Nathan’s Famous Pays $25 Special Dividend
Normally dividend payouts are $1 to $2 payouts to shareholders as an enticement to stay each quarter and add yield to stock performance.
In the case of Nathan’s Famous (NATH) , though, they are paying shareholders $25 per share – which is about 30% of the company’s value. Now this is either insane, or it shows incredible confidence in future sales.
I can tell you, the company’s management is not insane. Over the past four quarters, Nathan’s Famous generated $96.1 million in revenue, an adjusted EBITDA of $20.2 million and free cash flow of $14 million. Roughly $116 million of the Nathan’s Famous junk bond offering will be used for the special dividend, in addition to cash on hand. The recent moves by the company are so adroit that one would think a Harvard-educated hedge fund manager is guiding the decision making at the company. Not only do they make a great hot dog, they take care of anyone who chooses to invest in shares.
In March of 2014, Nathan’s Famous renegotiated its licensing agreement with Smithfield, more than doubling its royalty on hot dog sales to 10.8%, significantly increasing its earnings profile according to Gabelli & Co. In 2014, the company sold nearly half a billion hot dogs, and was ranked as the 22nd Best Small Company in America by Forbes. They also own the Arthur Treachers brand.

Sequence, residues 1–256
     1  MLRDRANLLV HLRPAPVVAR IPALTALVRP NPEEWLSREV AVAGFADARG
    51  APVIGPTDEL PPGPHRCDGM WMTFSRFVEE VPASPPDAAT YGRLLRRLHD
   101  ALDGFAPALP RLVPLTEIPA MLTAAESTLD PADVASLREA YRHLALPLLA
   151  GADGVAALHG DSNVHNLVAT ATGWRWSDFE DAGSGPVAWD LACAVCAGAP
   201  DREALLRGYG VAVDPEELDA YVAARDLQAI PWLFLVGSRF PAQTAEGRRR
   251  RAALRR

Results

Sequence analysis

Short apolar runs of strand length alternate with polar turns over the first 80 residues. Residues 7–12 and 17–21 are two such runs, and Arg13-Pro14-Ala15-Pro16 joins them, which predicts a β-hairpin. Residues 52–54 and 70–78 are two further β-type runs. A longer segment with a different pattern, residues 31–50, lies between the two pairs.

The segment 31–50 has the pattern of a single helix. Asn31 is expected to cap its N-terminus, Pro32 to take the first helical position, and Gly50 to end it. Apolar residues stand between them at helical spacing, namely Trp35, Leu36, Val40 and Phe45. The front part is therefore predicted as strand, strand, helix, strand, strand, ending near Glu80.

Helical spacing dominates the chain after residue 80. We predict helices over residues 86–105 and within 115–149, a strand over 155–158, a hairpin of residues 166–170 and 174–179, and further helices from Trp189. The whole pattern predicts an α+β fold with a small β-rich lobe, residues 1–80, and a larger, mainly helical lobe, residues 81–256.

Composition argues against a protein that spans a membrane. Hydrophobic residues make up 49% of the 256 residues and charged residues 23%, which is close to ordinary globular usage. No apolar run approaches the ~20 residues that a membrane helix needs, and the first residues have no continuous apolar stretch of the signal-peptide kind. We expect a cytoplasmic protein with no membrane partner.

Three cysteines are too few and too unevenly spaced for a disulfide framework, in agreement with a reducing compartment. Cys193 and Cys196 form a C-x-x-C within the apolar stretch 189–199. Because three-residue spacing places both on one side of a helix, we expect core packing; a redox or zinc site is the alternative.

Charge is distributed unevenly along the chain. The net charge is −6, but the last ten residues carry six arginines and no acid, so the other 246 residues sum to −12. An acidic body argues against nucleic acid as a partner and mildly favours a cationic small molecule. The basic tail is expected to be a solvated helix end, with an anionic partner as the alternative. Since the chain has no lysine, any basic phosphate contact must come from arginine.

Shares are not without volatility, and if you look back to January, shares were at $80 traveling from $30 just two years earlier. This was an equitable way to reward shareholders with a payout event – and let’s not forget that the company repurchased its own shares at the $20 level in 2008.
Nathan’s Famous does not have a hoard of outstanding shares available, nor does it have a tremendous amount of liquidity, but it has outperformed the Russell 2000 by 6x over a five-year period, which keeps small cap fund managers involved.
Nathan’s Road to Fame
Founded by Polish immigrant Nathan Handwerker in 1916 out of a Coney Island storefront, Nathan’s Famous has grown globally into the most recognizable hot dog brand in the world. While some 20th century meat concoctions like SPAM have fluctuated in popularity, Nathan’s Famous hot dogs have remained appealing over many generations, and today, they’re a hallmark of baseball stadiums and summer barbecues.
Investors rarely spend enough time understanding the inner workings of the business they invest in, and in the case of Nathan’s, it is critical to look beyond the brand to understand how and where to find the return on capital.
Nathan’s Famous still operates its iconic Coney Island eatery, where it hosts a hot dog-eating contest every Fourth of July. However, the company’s impressive margins are mostly the result of selling its hot dogs through food service giant Smithfield Foods Inc. (SFD) and other high-margin businesses such as brand licensing and franchised stores.
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